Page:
Questions and answers regarding legal trade secret protection
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What happens if no concrete agreements have been made with employees?
Employees are generally obliged not to harm their employer; this is an implicit ancillary obligation under their employment contract (contractual duty of good faith). However, this duty is blurry and its scope is not well defined. Worse still, not giving instructions misses a clear instruction regarding the desired behaviour. Thus, trade secrets are endangered both practically (lack of instruction) and legally (by uncertainty as to whether a certain action is really prohibited). For this reason, it is important to include appropriate provisions in employment contracts and to include them anew or corrected if necessary.
What are the exceptions to legal trade secret protection?
The law provides for certain acts as generally permitted (in § 3 GeschGehG, German Law on Trade Secret Protection):
- own developments,
- reverse engineering (under certain conditions, which are, however, quite extensive, see the following question) and
- within the framework of employee representation (to exercise information and consultation rights of employees or participation and co-determination rights).
The law also permits certain otherwise prohibited actions (§ 5 GeschGehG) by way of exception in the case of (legally) justified interest:
- for the implementation of the expression of opinion and media work (as well as associated freedom of information),
- "whistle blowing" (for the detection of illegal activities/grave misconduct for the protection of the public interest) and
- in cooperation with employee representatives (to the extent necessary for the legally assigned tasks).
However, everyone intending to rely on such exceptions should exercise caution as they are regularly interpreted narrowly. The above description is aimed at general comprehensibility and not at legal precision—it may therefore deviate from the applicable law in certain subtleties—in case of doubt (at least) read the law, because (only) this is applicable.
Under which circumstances is reverse engineering permitted? What was the reasoning for these rules?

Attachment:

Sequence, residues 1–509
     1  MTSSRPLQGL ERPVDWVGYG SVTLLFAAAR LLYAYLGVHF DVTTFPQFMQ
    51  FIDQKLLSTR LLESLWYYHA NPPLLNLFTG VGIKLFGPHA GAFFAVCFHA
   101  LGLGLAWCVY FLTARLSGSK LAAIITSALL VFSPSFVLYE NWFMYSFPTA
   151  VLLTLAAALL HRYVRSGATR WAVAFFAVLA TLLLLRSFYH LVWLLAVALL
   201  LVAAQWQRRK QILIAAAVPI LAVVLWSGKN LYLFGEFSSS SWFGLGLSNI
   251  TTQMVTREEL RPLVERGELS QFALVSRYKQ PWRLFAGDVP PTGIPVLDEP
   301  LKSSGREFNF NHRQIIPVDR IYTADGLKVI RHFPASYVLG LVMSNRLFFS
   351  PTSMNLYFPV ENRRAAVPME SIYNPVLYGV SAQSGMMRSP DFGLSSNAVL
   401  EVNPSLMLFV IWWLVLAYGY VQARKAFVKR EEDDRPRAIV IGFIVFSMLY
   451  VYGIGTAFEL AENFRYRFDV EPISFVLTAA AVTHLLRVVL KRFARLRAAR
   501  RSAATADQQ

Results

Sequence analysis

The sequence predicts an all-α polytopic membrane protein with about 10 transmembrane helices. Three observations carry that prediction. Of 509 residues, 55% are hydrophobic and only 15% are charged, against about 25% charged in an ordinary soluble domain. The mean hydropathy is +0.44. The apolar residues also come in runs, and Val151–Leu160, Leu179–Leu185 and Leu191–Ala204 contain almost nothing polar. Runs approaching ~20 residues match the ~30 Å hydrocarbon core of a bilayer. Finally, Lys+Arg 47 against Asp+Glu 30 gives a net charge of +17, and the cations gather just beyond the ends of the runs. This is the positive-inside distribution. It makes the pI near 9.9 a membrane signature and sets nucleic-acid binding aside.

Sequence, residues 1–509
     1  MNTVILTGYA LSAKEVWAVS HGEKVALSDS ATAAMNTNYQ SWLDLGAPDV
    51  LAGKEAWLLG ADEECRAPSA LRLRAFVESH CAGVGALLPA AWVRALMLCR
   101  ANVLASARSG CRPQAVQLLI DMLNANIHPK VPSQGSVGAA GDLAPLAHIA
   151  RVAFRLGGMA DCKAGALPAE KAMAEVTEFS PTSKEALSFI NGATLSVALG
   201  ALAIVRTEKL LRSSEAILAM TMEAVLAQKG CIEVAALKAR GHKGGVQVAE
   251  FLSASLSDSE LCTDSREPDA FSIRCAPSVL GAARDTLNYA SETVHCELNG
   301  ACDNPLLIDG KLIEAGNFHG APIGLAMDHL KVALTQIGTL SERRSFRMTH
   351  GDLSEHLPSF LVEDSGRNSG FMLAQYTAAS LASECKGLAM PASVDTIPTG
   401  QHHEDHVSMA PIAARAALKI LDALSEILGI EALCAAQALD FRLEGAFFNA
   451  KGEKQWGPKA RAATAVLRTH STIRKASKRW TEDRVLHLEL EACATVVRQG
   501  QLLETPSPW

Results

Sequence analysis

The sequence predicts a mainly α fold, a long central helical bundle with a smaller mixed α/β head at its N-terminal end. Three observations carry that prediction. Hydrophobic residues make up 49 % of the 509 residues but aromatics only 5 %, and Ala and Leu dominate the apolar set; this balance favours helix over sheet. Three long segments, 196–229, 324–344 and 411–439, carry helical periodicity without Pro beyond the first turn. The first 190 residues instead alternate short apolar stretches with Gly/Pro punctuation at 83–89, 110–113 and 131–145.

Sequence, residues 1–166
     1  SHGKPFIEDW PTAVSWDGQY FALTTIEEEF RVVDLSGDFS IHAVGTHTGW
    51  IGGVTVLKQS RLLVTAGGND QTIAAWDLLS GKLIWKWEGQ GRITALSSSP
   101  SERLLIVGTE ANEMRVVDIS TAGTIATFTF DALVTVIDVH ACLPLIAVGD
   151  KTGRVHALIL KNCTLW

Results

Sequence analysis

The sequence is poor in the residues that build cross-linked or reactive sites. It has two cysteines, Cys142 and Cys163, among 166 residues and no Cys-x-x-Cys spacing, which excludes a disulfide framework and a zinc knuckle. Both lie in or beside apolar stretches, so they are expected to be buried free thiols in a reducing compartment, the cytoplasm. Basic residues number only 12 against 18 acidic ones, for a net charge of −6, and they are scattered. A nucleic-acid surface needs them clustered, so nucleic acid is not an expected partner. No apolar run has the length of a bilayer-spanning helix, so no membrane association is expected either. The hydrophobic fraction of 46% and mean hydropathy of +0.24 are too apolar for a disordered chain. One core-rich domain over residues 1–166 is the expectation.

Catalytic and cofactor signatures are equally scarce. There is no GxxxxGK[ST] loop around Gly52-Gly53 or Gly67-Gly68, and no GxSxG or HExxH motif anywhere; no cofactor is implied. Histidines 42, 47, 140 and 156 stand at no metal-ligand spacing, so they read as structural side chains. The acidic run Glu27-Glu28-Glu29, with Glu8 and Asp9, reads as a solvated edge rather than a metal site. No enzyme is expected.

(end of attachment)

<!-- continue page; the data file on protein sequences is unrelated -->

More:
In the earlier legal situation in Germany, the dismantling of products for the purpose of extracting trade secrets was largely prohibited and punishable under the Law against Unfair Competition (Gesetz gegen unlauteren Wettbewerb, UWG) (a key decision was the "Stiefeleisenpresse" decision, the name of which already reveals its age). This has changed significantly with the GeschGehG on the basis of the 2016 European Directive on the Protection of Trade Secrets: for the purpose of strengthening competition and for European standardisation's sake, "reverse engineering" has been permitted largely in the Directive, provided that the corresponding product was legally acquired (cf. Art. 3 para. 1 (b) of Directive (EU) 2016/943) and no contractual restriction exists (cf. § 3 para. 1 no. 2 GeschGehG). Thus, in many cases, the existence or absence of contractual usage restrictions will determine whether a product may be reverse engineered.
Are cooperations or legal proceedings a problem with regard to trade secrets?
Not necessarily. It is of course true that a secret becomes less secret the more people know it. For trade secret protection, it is therefore necessary to keep the circles that know any given secret as small as possible. Only those who need to know a secret for their work purposes should know it. At the same time, it can be useful to share secret information with partners if this opens up significant business opportunities. However, the partners must be selected with particular care for this purpose and they must be obliged to treat the trade secrets adequately (in particular not to pass them on to third parties and also to use them only for the contractually intended purpose).
Furthermore, the new law set changed provisions for the (necessary) disclosure of trade secrets in court proceedings. Even in (basically public) trials, the law now enables to avoid disclosure of trade secrets, e.g. because court files are blackened, can be heard in non-public proceedings and court decisions are only published to a very limited extent.
What are the implications of using cloud services?
Basically, this does not change any requirements: it doesn't matter where exactly the data is stored or who runs the servers, but how the data is protected. Depending on the setup, the cloud can even offer strong advantages, as the providers usually have significantly better resources in the area of IT security. In addition, a good solution can be to encrypt the data before it is transferred to the cloud and to keep it encrypted throughout the entire processing (as far as the application allows this). In any case, however, it is important to select the providers carefully and to agree suitable contractual arrangements and to avoid unsafe environments, such as storage in IP critical jurisdictions.
Do you have further questions?
Please feel free to contact us. We plan to expand this document as required.
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Disclaimer: This text presents a simplified overview of the topic. It neither constitutes legal advice nor does it replace such advice.